The U.S has the largest prisoner population in the world. As it stands, over 2.3 million people are locked up in prisons and other correctional facilities (BJS). While a great portion of that population is incarcerated for relatively harmless crimes such as marijuana usage and storage, there are also recidivists who have been convicted of violent numerous violent crimes, such as murder, rape, armed burglary, and others.
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These people typically do not show any signs of remorse, are unlikely to be re-educated, and are likely to commit crimes upon being released back into the society. According to Gluckman (8), the amount of money spent per prisoner in custody ranges from 31,000 to 160,000 dollars a year, depending on where the prison is located. This raises the question of whether or not the society should bear the costs of the existence of these people. In this paper, I will analyze the ethical grounds of utilizing death penalty for recidivist violent criminals based on Bentham’s utilitarianism.
Death Penalty from the Perspective of Utilitarianism
At first glance, it may seem that utilitarianism would oppose the death penalty, as it seeks to bring ultimate suffering to the prisoner. However, in this scenario, the effect would be measured for the society as a whole. According to Vaughn (131), from the scope of utilitarianism, the death of a prisoner who is deemed a threat to the society would bring not only economic benefits but also a relief to the victims and the society as a whole, along with a feeling that justice was served. One of the common tools to analyze the pros and cons of an ethical dilemma is Bentham’s felicific calculus. If we apply it to the issue of death penalty, the results would be as follows (Vaughn 134):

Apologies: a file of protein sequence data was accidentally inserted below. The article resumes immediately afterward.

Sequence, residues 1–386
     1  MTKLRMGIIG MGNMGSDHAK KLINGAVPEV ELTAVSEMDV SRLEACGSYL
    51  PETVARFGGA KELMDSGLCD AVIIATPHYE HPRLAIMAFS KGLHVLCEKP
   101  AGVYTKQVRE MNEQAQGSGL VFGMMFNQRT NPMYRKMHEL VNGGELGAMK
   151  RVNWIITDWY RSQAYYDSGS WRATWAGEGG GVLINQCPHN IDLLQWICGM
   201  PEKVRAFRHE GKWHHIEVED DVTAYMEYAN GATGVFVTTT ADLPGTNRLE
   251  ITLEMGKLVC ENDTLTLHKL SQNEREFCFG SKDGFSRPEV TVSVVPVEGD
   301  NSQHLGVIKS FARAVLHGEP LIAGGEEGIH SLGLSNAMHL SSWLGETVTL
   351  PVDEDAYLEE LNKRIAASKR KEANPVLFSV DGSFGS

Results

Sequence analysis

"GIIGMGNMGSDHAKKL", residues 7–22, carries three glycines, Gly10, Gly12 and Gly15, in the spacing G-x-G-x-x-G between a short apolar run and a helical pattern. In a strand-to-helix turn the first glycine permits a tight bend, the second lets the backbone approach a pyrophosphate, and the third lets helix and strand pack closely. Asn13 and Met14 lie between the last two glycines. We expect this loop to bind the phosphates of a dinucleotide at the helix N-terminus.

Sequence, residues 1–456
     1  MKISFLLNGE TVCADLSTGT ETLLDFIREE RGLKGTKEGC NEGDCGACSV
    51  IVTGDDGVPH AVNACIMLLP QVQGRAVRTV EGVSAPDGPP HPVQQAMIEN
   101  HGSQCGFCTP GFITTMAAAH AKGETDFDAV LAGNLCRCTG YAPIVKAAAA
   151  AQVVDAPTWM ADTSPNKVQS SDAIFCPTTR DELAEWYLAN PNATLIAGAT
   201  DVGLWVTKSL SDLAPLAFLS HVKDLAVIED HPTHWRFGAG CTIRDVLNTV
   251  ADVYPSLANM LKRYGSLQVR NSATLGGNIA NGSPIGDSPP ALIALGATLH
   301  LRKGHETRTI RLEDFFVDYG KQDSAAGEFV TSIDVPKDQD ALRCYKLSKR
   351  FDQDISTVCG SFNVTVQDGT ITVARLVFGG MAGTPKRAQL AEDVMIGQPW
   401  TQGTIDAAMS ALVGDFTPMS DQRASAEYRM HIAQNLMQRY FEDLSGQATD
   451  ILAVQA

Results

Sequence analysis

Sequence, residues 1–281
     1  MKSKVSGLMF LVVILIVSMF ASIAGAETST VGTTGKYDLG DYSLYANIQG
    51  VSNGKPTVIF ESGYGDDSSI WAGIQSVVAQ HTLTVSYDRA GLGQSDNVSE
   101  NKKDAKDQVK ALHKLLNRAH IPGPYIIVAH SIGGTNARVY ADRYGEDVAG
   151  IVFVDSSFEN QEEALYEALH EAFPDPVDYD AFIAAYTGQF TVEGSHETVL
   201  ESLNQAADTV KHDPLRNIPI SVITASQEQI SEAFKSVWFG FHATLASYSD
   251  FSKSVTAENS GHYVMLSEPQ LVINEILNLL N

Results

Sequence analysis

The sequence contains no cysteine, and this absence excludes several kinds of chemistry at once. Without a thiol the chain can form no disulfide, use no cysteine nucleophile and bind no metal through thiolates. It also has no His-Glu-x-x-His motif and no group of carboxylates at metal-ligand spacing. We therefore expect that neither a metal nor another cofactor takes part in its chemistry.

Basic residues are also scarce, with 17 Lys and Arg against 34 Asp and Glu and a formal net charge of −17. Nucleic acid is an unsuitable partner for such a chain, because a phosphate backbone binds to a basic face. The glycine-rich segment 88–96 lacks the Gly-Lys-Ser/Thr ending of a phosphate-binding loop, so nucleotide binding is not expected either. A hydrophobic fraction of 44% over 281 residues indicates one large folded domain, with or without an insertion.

- Intensity: Strong. The criminal’s victims and the society, in general, are likely to experience relief upon revenge being exacted on a criminal who murdered or raped others.
- Duration: Short-Moderate. Pleasure will begin once the deed is done and is likely to linger for several years, so long the memory is kept alive.
- Certainty: Moderate. Although most people are likely to experience satisfaction, some may dislike capital punishment based on their religious or ethical views.
- Propinquity: Immediate. Execution will likely be swift.
- Fecundity: Moderate-high. The society will be pleased every time justice is served, and there are many criminals behind bars that deserve capital punishment.
- Purity: Moderate. There is a possibility of adverse feelings being invoked by the brutality of the procedure. In addition, there is a possibility of an innocent being sentenced to death.
- Extent: The prisoner, the victims, the law enforcement agencies, the society.
Based on the calculus provided above, it can be said that utilitarianism endorses capital punishment as means of exacting justice, saving money on sustaining prisoners and giving emotional comfort to the victims of a violent criminal.
The death penalty will not fix the US’ broken prison policy, nor will it solve the issue of overcrowding. However, it will put an end to individuals considered corrupt and evil by all ethical and moral standards, offer a sense of reconciliation to the victims of rapists and murderers, and remove the burden of sustaining the lives of such people from the society. Nineteen states within the US do not support capital punishment. From the utilitarian point of view, it is a wrong choice to make.
BJS. “Total Correctional Population.” Bureau of Justice Statistics. Web.
Gluckman, Peter. Using Evidence to Build a Better Justice System: The Challenge of Rising Prison Costs. 2018. Web.
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Vaughn, Lewis. Doing Ethics: Moral Reasoning and Contemporary Issues. 4th ed., W.W. Norton & Company, 2015.